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Participatory management of an urban world heritage site: The Table de Concertation du Vieux-Québec

Mathieu Dormaels (Département d'études urbaines et touristiques, Université du Québec à Montréal, Montréal, Canada)

Journal of Cultural Heritage Management and Sustainable Development

ISSN: 2044-1266

Article publication date: 16 May 2016




Within the general context of the Historic Urban Landscape approach and the promotion of community involvement in heritage site management, the purpose of this paper is to describe and to understand the case of Old Québec in order to analyse the management tools put in place, so as not only to grasp the issues and challenges, but also to find out how these tools are perceived by the local actors directly involved.


The conceptual approach of this study is twofold. On the one hand, the author has adopted a phenomenological perspective of heritage, where heritage is understood as a social construction. On the other hand, because the goal of this study is to understand an initiative produced by local actors, the author chose an empirical approach that fosters first a descriptive and then an interpretive analysis of a phenomenon with potentially complex dynamics. To do so, the author chose to conduct the research by carrying out a case study, by using three methods of data collection: non-participating observation, semi-structured interviews and document analysis.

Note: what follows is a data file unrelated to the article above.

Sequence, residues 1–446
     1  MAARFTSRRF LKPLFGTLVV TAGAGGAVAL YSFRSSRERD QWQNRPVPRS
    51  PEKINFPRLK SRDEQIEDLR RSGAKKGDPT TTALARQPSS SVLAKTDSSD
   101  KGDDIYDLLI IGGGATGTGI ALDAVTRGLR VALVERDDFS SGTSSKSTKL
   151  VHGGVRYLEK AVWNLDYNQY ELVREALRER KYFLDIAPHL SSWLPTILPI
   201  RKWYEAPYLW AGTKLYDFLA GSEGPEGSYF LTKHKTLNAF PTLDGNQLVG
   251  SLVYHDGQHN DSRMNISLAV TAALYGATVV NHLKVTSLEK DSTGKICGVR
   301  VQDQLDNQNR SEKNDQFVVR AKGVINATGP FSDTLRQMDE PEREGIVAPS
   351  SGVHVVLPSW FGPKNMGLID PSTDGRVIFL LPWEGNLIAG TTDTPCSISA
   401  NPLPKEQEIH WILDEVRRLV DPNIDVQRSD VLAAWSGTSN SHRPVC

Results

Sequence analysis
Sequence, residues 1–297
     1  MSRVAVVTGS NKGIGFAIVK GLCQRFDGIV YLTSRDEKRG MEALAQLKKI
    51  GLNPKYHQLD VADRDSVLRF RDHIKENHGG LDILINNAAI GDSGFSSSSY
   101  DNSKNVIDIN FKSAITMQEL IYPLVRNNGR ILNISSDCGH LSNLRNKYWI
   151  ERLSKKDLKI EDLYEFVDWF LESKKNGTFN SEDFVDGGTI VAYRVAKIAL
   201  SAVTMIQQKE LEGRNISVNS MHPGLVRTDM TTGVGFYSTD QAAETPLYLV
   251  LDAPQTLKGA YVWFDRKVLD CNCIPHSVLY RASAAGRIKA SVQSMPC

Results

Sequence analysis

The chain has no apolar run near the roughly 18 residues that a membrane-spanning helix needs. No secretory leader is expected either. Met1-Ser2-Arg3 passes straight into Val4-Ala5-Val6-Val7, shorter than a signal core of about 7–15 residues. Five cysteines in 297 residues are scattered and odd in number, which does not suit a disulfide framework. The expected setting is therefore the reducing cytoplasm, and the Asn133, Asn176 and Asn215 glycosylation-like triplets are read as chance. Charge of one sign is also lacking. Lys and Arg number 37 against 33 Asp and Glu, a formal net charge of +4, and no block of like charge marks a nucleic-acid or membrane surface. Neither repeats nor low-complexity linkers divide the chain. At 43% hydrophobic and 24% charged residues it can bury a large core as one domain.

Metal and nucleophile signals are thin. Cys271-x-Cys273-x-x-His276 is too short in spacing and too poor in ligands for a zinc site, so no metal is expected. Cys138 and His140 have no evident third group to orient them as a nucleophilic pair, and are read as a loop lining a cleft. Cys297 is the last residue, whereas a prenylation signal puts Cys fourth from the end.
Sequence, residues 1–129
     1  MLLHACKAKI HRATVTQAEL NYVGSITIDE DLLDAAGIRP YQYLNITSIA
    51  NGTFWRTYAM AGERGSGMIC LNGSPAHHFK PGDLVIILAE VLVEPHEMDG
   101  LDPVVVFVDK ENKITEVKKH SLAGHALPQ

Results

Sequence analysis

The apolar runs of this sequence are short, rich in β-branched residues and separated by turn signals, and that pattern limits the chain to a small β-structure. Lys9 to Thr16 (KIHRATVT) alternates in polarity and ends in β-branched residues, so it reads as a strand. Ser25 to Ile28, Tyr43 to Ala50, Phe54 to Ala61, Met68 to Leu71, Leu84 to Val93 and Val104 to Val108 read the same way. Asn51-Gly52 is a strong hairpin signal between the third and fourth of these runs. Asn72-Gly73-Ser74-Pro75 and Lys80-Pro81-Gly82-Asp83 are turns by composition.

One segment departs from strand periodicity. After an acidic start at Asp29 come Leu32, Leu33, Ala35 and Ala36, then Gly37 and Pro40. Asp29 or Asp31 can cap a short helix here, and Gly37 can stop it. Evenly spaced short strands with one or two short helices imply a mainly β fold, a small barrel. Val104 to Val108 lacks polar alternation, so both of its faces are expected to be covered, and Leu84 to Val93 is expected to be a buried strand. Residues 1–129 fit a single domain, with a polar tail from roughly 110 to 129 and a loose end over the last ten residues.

By analysing this case in its context, this research gives a better understanding of this community based initiative of participatory management in the world heritage site of the historic district of Old Québec. It demonstrate how these processes involves issues and challenges, even in a 20 years old inscribed site. It also highlights key elements for this type of initiative that, beyond this case, may be useful to be considered by site managers.

Research limitations/implications

As with any case study, this research is highly dependent on the context, and that constitutes the main limitation. Consequently, the findings of this analysis can only be generalized as recommendations. Other case studies should be conducted to better understand the influence of context, and to bring out similarities between various initiatives.


More than “best practices”, whose relevance may be questionable for their lack of consideration of the context, this paper aims to provide an example of participatory management and to indicate some key elements that seem to be useful for this kind of initiatives. It also raises important questions on the relevance of such management tools in context less experienced or without previous involvement of local communities. Finally, it proposes a conceptual framework and a methodological approach for the study of such cases.



Dormaels, M. (2016), "Participatory management of an urban world heritage site: The Table de Concertation du Vieux-Québec", Journal of Cultural Heritage Management and Sustainable Development, Vol. 6 No. 1, pp. 14-33.



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